Petrol heads long derided American muscle cars for being great in a straight line and useless in corners. European performance cars, they argued, were designed for drivers. They had power for speed but also advanced suspension, steering, and weight distribution for superior handling. Well, cyclists can sometimes be thought of in the same way. Having a huge aerobic engine enables you to go fast in a straight line. However, the cycling cornering skills make you faster in real-world conditions where there are… you know… corners.
Just as being good at descending isn’t about bombing downhill at dangerous speeds, being good at cornering isn’t about always pushing the limits of traction and physics. It’s about being skilled and using good judgment. Whether you’re a beginner who is timid in high-speed turns or a veteran who could use a refresher course, use these tips to be fast, safe, and confident in turns:
Focus on the setup
How you enter a turn plays a huge role in the line you’re going to take and the exit you’re going to have. Ideally, set up wide so you can turn in toward the apex of the turn. This isn’t always an option, however, based on where you are in a group. As a result, it’s important to practice cornering from non-ideal approaches. Brake before the turn so you enter at a speed you could conceivably maintain through the whole corner. Coming in too hot means exiting wider than you anticipated or needing to scrub a lot of valuable speed.
If you’re in a pack, back off the wheel ahead
To minimize the impact of the accordion effect on your momentum (the back of the back compressing into the front as the front brakes for a turn), back off the wheel ahead of you slightly so you have some space to roll into as that rider slows down. It takes practice, but when you get the hang of it you can dramatically reduce your need for hard accelerations out of corners by slowing less going into them. The people around you are braking harder and accelerating harder while you’re using the space between riders to maintain momentum. If you’re in a competitive field, however, be wary of backing too far off the wheel ahead of you, lest you lose that position to someone looking to move up toward the front!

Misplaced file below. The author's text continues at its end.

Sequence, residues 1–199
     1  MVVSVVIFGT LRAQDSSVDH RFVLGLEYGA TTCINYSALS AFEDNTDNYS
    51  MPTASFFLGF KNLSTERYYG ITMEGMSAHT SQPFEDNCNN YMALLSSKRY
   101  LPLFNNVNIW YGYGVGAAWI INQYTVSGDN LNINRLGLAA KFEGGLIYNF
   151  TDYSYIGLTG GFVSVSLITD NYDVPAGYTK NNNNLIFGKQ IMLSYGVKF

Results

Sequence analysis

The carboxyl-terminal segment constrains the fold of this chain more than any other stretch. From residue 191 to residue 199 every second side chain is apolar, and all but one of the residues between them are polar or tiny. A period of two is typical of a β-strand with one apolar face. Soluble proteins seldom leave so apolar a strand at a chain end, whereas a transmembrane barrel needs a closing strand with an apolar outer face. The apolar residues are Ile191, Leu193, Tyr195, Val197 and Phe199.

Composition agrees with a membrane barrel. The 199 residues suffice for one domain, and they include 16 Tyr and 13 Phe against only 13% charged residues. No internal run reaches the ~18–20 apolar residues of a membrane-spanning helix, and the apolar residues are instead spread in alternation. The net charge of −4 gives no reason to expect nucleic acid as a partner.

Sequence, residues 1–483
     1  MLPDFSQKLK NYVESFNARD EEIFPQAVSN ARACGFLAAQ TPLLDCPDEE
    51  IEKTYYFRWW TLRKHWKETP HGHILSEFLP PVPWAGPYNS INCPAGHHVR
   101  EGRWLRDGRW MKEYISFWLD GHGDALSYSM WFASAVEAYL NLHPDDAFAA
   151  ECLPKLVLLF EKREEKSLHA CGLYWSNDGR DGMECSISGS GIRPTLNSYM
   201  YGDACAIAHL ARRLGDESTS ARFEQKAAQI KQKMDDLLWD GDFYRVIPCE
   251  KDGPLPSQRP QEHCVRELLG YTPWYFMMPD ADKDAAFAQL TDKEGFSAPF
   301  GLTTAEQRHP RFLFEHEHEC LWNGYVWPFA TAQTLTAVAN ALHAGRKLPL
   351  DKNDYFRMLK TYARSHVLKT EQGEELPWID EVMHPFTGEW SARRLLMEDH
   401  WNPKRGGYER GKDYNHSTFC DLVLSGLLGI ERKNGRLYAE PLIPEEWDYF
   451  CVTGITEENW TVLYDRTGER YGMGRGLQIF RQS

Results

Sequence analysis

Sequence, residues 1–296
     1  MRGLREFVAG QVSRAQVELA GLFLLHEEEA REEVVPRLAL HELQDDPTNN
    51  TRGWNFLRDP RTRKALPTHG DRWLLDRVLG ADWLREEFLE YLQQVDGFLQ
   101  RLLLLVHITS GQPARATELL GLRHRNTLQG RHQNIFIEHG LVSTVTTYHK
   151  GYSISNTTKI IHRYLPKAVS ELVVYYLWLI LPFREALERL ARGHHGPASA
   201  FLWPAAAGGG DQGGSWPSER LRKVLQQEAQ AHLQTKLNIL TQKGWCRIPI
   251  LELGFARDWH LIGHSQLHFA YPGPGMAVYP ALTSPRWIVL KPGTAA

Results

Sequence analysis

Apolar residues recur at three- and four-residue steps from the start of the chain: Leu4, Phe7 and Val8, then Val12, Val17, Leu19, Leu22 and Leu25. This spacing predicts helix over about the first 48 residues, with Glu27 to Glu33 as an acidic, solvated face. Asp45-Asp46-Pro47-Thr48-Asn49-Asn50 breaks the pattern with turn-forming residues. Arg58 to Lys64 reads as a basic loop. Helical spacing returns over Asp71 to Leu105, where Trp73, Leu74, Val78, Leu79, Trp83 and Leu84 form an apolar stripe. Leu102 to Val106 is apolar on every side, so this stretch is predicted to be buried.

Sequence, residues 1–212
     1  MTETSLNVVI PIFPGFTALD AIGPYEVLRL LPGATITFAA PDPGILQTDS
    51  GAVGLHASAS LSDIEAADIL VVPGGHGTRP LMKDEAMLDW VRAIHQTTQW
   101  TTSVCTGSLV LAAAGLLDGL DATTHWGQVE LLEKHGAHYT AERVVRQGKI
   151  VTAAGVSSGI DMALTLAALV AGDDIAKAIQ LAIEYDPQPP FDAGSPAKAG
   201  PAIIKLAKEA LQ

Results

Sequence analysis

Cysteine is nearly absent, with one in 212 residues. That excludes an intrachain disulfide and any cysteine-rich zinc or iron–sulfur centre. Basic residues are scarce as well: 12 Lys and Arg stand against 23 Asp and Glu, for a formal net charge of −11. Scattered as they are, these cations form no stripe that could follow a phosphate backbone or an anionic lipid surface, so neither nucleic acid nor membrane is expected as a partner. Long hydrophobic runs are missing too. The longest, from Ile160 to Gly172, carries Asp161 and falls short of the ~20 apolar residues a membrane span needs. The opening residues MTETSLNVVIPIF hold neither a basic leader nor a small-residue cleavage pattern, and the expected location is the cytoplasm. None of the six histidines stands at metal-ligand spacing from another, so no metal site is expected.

Corner in the drops
Certainly you can get around turns with your hands on the brake hoods, but if you want to go faster and maximize traction, get in the drops. You’re shifting your weight distribution to be more equally split between your wheels, and most important, putting enough weight on your front wheel to avoid sliding out. You’re also slightly lowering your center of gravity, which helps with stability.
Focus your weight on your outside foot and inside hand
Your weight on your outside foot, positioned at the 6:00 position, is your traction control. Pressure on the inside hand (the hand toward the inside of the turn) is your steering. A lot of people talk about countersteering and this whole idea of turning left to go right. It works, but I think there’s a simpler way to think about it and visualize it.
As you’re going into the corner with your weight on the outside foot and you start to lean the bike, push your inside hand forward and down into the corner. If you need to adjust your line to be tighter, push harder/further with the inside hand. If you need to adjust your line wider, ease up on the side hand. Your body leans less than the bike to keep your center of mass closer to the tires’ contact patches on the ground. You’re anchoring your traction with your outside leg and modulating the lean angle of the bike with the pressure applied to the inside arm.
If conditions are wet/slippery, lean less and try to make the arc longer
When roads are wet or you’re on sand/gravel, you have less traction. Cornering aggressively (high speed, lots of lean on the bike, tight line) requires a lot of traction, so when things get slippery you have to corner more gingerly. Slow down more before the turn than you would in dry/clean conditions. Keep the bike more upright. Make the arc of the turn longer/wider so you’re changing direction over a greater distance. Basically, you’re trying to avoid sudden movements like dramatic steering or diving into the apex.
Look through the turn, not at it
See that hole in the middle of the corner? If you keep your eyes on it that’s exactly where you’re going. Notice where it is as you come into the turn and then look beyond it to where you want to go. It’s the same idea as looking farther ahead in a group or pace line rather than at the wheel ahead of you, or looking at a point far away while trying to walk a straight line.
Over the years I’ve noticed that riders who are more stressed out (about riding/racing or about lifestyle stresses) are squirrelier in corners. I’ve noticed it about myself at times! When I talk with athletes about it, a common thread often relates to vision or where they’re looking. Your field of vision and focus tends to be close in when you’re stressed. When you’re relaxed you’re able to extend your focus forward, through the turns, down the trail, past the immediate obstacle.
Coast Less, Pedal More
Endurance sports icon Rebecca Rusch (winner of multiple World Championships, Leadville 100 titles, and Unbound Gravel titles), was a CTS Athlete for many years. She once mentioned that learning to pedal more was a key for her to get faster. The pedaling in mountain biking is often more intermittent compared to road cycling. By focusing on pedaling more in places she normally coasted, she went faster overall. For road cyclists the scenario applies more to cornering. Coasting through a corner is often necessary, but if you can pedal longer before you start coasting as you enter a turn (learn to go in with more speed as you get more comfortable cornering at speed) and start pedaling again sooner on the exit, you’ll go faster.